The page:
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Students Rise To VW Design Challenge

Students from Coventry University will be showing off designs for vehicles built to deliver goods ordered on the internet at a prestigious trade show tomorrow.

Eight students on the BSc Industrial Product Design course have been invited to take part in the Commercial Motor Show at the NEC by Volkswagen Commercial Vehicles and have been given a display stand to show off their ideas.

The designs are based around a brief to produce a vehicle design for the domestic delivery of shopping on-line products.

An increase in home deliveries is predicted with the growth in on-line sales, and commercial vehicle manufacturers are looking at ways of meeting those demands.

In the past students have designed domestic cookers, trucks, cars and planes and worked with famous names such as Richard Noble and Edward Iveagh as part of industry-sponsored projects.

Principal lecturer Roger Perks has worked with VW on three occasions, including a previous design for a motor home, but the work has never received such a high profile reception as tomorrow’s show.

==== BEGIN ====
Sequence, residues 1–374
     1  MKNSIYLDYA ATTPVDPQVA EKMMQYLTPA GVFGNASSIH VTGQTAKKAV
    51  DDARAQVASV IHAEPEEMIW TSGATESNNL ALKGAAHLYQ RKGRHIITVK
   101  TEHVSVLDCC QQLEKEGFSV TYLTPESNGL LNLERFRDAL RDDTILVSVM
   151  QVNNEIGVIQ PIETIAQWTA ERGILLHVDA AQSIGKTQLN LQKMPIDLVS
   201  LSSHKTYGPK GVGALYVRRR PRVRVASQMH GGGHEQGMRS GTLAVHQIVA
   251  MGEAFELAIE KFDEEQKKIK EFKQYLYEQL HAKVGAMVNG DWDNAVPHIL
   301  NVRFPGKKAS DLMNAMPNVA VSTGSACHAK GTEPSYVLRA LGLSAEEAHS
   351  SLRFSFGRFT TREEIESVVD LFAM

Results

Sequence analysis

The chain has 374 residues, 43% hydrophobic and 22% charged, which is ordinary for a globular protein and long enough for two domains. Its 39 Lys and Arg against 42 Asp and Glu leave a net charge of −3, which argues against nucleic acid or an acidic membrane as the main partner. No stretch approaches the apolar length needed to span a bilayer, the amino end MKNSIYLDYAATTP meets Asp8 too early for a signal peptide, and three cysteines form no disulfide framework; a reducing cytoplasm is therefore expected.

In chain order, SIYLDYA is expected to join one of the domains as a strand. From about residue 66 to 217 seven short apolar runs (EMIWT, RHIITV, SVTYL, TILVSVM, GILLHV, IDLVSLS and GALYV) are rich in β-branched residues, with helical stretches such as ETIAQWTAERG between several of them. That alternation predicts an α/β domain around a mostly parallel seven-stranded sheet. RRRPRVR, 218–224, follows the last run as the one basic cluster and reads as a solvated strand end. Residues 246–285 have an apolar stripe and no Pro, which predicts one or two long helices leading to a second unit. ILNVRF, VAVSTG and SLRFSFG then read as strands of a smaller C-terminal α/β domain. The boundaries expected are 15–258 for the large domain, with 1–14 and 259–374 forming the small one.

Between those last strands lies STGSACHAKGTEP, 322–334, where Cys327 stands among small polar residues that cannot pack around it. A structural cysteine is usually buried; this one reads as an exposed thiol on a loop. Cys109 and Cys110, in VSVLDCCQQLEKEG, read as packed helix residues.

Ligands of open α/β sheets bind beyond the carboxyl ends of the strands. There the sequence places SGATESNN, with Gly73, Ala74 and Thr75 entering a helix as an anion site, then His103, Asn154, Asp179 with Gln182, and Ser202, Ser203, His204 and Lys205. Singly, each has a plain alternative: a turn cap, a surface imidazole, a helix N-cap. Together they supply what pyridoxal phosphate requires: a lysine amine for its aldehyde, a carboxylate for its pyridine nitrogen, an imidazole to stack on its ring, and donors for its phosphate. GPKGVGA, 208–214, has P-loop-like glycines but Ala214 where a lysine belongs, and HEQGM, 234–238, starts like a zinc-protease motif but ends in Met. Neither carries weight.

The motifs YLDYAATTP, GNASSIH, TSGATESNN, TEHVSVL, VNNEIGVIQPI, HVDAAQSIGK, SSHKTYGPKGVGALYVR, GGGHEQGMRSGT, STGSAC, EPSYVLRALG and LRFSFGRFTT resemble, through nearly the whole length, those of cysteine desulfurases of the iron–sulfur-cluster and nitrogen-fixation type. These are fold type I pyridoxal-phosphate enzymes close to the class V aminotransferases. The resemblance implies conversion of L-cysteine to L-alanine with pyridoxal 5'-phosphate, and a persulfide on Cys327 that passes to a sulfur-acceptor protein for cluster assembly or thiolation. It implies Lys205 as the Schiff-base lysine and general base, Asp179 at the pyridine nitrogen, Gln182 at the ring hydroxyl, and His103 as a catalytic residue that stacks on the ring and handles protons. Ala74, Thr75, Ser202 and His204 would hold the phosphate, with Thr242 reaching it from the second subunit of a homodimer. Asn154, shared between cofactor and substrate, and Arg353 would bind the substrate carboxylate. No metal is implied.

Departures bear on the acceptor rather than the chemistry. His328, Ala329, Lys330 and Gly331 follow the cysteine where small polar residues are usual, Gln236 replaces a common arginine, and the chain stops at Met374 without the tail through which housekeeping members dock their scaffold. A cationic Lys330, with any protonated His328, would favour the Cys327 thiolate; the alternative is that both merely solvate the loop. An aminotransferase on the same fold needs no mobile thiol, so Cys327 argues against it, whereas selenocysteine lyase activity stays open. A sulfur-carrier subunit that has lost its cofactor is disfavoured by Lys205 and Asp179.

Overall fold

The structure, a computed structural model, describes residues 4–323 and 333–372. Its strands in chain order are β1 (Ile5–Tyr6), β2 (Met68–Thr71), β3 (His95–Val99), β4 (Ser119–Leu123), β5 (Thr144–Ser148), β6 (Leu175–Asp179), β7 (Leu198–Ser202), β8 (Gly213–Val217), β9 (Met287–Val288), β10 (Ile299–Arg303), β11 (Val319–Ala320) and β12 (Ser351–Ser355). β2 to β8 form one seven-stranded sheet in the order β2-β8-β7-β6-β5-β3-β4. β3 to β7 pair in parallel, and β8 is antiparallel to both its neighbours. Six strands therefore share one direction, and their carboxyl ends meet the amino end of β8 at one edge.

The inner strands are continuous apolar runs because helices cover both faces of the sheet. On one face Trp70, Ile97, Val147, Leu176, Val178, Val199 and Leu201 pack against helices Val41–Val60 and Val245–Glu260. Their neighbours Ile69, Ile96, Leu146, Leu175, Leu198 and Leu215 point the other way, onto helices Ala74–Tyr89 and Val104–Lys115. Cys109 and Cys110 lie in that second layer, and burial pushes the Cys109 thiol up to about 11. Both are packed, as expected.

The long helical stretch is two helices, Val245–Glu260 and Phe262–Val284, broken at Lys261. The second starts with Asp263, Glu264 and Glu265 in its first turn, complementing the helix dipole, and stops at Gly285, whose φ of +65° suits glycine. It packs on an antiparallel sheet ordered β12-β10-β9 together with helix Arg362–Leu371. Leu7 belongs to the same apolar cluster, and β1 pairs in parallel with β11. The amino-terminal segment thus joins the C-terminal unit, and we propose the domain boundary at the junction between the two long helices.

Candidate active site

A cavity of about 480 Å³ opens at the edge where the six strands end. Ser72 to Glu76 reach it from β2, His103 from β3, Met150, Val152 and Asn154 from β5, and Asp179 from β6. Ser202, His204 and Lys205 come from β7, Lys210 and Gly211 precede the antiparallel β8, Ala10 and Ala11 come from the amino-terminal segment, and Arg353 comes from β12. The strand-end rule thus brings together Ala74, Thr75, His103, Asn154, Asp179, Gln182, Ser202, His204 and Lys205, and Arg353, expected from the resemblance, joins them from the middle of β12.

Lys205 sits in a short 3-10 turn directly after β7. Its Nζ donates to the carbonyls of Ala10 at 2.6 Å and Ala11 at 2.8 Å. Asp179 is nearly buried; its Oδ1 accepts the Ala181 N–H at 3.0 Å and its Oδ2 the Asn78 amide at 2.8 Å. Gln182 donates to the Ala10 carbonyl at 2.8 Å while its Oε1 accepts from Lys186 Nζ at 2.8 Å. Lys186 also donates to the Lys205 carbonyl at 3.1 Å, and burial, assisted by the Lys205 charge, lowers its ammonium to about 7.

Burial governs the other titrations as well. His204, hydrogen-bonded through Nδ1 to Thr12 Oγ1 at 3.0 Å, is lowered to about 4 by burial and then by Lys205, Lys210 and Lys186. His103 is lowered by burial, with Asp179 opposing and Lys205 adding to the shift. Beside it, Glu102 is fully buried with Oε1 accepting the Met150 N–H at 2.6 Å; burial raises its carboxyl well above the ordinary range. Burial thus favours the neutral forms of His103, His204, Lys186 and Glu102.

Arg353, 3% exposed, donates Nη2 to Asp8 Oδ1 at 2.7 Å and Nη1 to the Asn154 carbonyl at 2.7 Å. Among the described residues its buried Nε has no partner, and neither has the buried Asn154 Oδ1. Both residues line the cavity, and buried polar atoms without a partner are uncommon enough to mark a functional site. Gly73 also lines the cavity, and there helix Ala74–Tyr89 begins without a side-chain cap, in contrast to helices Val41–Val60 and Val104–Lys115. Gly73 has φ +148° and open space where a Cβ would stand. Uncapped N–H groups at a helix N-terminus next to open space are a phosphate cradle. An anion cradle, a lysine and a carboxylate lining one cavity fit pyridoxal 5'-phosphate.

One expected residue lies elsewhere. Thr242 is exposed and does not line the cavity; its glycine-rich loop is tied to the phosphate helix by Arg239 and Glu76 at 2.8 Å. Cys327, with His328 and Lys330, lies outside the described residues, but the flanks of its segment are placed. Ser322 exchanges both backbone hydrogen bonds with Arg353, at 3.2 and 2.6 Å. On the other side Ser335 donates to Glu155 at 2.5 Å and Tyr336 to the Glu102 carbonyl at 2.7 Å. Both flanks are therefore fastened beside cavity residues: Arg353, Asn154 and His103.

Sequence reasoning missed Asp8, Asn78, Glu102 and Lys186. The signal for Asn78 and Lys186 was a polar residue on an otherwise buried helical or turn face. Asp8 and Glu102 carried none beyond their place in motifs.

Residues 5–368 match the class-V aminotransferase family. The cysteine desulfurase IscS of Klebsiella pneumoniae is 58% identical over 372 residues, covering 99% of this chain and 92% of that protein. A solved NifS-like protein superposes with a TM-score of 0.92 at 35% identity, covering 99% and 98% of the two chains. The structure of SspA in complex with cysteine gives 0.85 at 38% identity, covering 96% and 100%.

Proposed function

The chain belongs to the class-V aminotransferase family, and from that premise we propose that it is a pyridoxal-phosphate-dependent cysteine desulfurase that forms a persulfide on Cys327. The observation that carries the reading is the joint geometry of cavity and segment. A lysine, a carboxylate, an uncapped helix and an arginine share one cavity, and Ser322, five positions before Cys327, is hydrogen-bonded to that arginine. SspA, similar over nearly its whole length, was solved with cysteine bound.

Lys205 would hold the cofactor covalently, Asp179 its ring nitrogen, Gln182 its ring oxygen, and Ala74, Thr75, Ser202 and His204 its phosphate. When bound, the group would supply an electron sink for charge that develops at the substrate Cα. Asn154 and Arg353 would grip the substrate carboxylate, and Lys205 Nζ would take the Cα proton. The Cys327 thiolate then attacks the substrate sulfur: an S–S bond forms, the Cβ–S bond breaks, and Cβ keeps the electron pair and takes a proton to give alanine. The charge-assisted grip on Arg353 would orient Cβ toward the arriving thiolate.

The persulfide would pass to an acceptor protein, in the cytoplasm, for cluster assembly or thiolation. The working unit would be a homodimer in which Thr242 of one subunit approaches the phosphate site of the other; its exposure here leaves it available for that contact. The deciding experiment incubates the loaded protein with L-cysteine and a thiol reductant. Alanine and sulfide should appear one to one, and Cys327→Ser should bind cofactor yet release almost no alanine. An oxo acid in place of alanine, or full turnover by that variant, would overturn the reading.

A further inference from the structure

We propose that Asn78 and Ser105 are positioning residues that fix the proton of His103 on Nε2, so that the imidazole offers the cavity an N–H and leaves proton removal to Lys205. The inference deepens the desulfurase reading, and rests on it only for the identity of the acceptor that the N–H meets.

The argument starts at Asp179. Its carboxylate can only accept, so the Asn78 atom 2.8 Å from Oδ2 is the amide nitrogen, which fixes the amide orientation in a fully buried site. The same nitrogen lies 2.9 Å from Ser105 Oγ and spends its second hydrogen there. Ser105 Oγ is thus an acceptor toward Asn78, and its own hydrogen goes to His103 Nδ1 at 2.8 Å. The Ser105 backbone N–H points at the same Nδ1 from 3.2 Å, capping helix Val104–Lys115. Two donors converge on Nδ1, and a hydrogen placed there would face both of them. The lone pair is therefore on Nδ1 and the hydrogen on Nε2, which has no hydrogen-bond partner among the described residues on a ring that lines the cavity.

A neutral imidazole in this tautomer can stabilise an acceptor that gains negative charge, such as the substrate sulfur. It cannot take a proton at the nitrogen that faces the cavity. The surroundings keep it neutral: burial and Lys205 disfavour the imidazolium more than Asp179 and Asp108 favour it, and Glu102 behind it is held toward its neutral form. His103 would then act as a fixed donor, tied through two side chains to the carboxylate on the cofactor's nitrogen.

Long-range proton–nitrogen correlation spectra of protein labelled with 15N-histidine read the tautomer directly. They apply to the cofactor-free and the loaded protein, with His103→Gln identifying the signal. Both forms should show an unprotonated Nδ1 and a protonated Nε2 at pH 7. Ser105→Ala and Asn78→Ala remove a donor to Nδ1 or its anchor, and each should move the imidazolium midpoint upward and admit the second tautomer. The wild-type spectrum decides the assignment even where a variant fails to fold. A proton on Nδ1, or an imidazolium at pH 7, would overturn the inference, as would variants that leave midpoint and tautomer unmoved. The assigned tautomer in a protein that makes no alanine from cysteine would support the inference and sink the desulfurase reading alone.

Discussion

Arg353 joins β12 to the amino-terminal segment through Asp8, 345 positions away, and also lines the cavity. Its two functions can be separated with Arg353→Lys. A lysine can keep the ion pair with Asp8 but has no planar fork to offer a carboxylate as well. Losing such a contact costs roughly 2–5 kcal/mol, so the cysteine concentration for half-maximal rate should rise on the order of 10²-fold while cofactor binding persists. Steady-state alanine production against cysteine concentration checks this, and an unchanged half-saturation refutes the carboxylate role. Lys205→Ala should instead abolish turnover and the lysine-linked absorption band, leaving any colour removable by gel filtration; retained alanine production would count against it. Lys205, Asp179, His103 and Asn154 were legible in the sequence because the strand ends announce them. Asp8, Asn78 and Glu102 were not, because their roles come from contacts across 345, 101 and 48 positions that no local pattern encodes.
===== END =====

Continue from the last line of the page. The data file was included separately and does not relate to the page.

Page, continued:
The university has also been working with BOX3, a company which produces large rotational mouldings, and the students have incorporated this into their designs.

During the Motor Show the students will have models of their designs on display and a plasma screen will show the various stages of the design process and the animation of creating the vehicles.

Volkswagen Commercial Vehicles will also make a presentation to the students as recognition for all their hard work and creativity.

The two groups involved in the exhibition are:

  • Industria Design Group: John Abrahams, Sachin Chauhan, Benjamin Smith and Richard Toften.

This design looks at the need to make the most of space in delivery vehicles for frozen and cold food.

Present vehicle designs have separate compartments for frozen, chilled and ambient temperatures, which means all the space is full from load to load.

This design uses insulated boxes, which means the whole volume can be used for every trip.

  • DOJO Design Group: James Hooper, David Hughes, Nicholas Avery and Matthew Ford.

This design addresses the same issues and again uses the insulated box approach. Boxes are colour-coded to differentiate the temperature requirements of their contents.

The “frozen box” incorporates an active temperature control system that enable their contents to be stored at the correct temperature while waiting to be loaded onto the vehicle. This approach removes the need for refrigerated rooms.

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CWN / Education / Universities / Coventry University / 19 Mar 01
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